FINDING THE BIGGER FLATHEAD
Like most estuary fishos, I have dreamt of landing a one-metre Flathead. A few years ago I saw the photos of the one-metre beauty landed in Narooma by Ashleigh Clarke and wanted some of that action.
To find the bigger flatties, first, you need to understand how they function and their typical behaviour. Dusky Flatheads are bottom feeders. They scour the mud beds and seagrass in estuaries from Cairns to South Australia in search of small fish, prawns and squid. They ambush their prey, lying partially buried in the mud until they sense the scuttling of a prawn or squid when they pounce with startling speed and accuracy.
They do not migrate and can be found all year round in their estuary habitats, although, not many fishos choose to chase them in the colder months.
Flathead reach the bigger lengths at around ten or twelve years of age but the majority of the flatties caught are between two and five years old. These fish are smaller, at around 40-60cm in length. The older fish can grow as large as 130cm and weigh up to 10kg in weight.
WHERE TO FIND THEM
The way to land big Flathead is to try your luck when the tide is at it highest and the light is at its lowest. Flatties like the deeper water and won’t risk hunting on the flats in low tide. During low tide, they are more likely to be in the drop-offs surrounding the flats. But to find the real beasts, your best luck is fishing the flats at night during high tide.
Target water that is 6m in depth or deeper. This is where the big fish lie in wait. I also like to fish around dams after flooding. The dam itself blocks the flatties movement upriver but sweeps small prey over the top into the water below. Some large Flatheads will lie in wait at dams and strike the disoriented and confused prey as it falls off the dam.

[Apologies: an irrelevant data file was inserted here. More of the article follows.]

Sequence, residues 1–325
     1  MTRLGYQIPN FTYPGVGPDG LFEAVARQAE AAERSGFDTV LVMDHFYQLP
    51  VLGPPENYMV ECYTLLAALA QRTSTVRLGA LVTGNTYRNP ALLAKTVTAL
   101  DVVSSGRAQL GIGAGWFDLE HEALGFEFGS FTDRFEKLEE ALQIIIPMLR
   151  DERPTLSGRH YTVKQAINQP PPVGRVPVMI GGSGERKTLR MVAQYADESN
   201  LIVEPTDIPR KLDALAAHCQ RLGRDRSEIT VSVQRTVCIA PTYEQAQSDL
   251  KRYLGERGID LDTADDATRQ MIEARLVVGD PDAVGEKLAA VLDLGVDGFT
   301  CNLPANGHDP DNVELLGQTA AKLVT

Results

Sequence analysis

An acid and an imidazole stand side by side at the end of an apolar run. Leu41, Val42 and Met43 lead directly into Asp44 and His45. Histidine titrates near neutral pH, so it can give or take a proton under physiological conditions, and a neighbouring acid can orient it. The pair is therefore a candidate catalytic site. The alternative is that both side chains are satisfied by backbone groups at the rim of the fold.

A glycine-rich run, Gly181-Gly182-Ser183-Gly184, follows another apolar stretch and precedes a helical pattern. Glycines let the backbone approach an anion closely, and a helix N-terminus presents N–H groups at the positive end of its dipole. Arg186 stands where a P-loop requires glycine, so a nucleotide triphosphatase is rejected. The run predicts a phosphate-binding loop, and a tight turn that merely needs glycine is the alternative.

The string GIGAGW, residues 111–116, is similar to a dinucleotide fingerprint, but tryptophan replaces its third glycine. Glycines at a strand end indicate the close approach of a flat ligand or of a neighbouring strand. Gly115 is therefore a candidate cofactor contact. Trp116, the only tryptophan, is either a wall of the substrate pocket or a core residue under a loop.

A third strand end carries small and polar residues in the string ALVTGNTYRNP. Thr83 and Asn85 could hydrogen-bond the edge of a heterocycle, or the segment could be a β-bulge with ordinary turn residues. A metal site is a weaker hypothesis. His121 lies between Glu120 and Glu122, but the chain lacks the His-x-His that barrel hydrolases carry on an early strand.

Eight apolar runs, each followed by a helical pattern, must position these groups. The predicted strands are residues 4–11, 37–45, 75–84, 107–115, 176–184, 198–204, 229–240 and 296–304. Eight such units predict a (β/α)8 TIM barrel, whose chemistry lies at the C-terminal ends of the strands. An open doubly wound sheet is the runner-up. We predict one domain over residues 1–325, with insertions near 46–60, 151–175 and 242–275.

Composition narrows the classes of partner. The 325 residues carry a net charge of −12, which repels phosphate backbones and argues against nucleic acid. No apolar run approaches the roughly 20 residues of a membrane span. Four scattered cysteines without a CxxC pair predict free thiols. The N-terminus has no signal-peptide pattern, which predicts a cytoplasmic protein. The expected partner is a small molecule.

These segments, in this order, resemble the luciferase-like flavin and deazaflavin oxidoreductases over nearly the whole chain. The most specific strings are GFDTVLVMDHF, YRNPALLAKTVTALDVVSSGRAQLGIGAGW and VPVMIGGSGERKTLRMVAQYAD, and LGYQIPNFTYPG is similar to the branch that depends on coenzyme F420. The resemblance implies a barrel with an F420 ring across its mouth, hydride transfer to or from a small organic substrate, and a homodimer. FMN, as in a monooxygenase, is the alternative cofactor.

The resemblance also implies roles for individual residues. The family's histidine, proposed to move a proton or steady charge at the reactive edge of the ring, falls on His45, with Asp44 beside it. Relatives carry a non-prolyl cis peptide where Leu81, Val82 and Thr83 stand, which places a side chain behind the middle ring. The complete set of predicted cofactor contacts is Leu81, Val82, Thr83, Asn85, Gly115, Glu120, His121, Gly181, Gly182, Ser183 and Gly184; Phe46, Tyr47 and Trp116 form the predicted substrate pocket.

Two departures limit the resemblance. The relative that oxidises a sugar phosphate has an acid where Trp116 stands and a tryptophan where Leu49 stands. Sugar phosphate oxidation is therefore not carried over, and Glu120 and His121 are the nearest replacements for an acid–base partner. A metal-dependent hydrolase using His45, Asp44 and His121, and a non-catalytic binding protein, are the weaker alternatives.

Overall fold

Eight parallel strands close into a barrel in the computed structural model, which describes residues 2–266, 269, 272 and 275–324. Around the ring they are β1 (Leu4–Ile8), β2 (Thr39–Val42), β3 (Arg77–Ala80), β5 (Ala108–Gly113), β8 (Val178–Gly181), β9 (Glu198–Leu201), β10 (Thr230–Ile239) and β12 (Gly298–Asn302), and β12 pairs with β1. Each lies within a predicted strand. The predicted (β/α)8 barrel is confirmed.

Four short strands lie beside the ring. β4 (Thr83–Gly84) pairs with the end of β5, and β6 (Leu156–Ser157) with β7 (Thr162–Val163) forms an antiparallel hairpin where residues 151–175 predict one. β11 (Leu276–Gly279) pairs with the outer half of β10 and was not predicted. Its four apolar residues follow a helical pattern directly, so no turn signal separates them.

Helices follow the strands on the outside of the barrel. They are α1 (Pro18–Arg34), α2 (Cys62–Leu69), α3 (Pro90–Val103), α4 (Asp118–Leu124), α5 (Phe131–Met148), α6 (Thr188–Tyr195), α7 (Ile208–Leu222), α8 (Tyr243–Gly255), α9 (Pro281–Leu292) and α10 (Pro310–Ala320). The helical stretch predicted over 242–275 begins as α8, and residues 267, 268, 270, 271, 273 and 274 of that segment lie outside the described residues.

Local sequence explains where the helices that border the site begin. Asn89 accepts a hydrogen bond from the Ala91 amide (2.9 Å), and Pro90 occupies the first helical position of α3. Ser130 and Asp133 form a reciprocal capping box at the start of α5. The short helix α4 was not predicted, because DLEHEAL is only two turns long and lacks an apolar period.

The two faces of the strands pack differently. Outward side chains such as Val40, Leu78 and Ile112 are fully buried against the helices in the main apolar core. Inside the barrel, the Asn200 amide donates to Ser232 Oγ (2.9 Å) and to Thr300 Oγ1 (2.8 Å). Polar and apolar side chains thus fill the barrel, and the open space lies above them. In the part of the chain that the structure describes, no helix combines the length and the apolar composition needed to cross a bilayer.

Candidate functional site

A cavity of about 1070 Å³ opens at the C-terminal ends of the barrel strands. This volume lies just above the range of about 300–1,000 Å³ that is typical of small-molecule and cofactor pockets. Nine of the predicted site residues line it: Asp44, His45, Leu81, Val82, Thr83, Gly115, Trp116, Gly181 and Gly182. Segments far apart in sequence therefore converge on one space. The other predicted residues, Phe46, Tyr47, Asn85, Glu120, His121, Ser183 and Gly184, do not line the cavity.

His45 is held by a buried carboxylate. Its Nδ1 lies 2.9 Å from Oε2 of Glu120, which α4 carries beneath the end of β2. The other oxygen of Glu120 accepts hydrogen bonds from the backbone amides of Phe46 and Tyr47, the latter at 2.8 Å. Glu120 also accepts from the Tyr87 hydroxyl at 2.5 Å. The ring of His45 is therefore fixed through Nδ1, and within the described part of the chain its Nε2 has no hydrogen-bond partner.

Underwater structure is a goldmine for flatties, with sunken logs offering the ideal location for big Flathead. I would invest in a good sounder for targeting Flathead. You want to be sure that the place you are fishing has a sandy or muddy bottom. You don’t want too many weeds. Look for baitfish activity as well for signs that a big flattie is lying in wait.
TACKLE AND TECHNIQUE
Flatties will take a wide variety of lures and bait. I have seen some pretty big Flatheads bite at hardbodies, soft plastics and even once when I was fishing with a bloke from Tasmania, chicken livers! I personally have been targeting the larger flatties on soft plastics. I drop the lure in and let it fall gently to the bottom, then I flick it up a little before letting it fall back to the bottom again and beginning a slow retrieve, doing this same motion every five seconds or so.
I also like to move a lot when chasing flatties. You have to be proactive in finding the perfect hunting ground and explore new water rather than persevering with the same stretch for hours on end.
Just be sure to check your local fisheries regulations involving Flatheads. If you are taking large flatties over 80cm, I would recommend you throw them back. This way you can keep them in the breeding pool and ensure we have big girls to take for years to come!
Do you know where to find the biggest flathead? Let us know in the comments section below.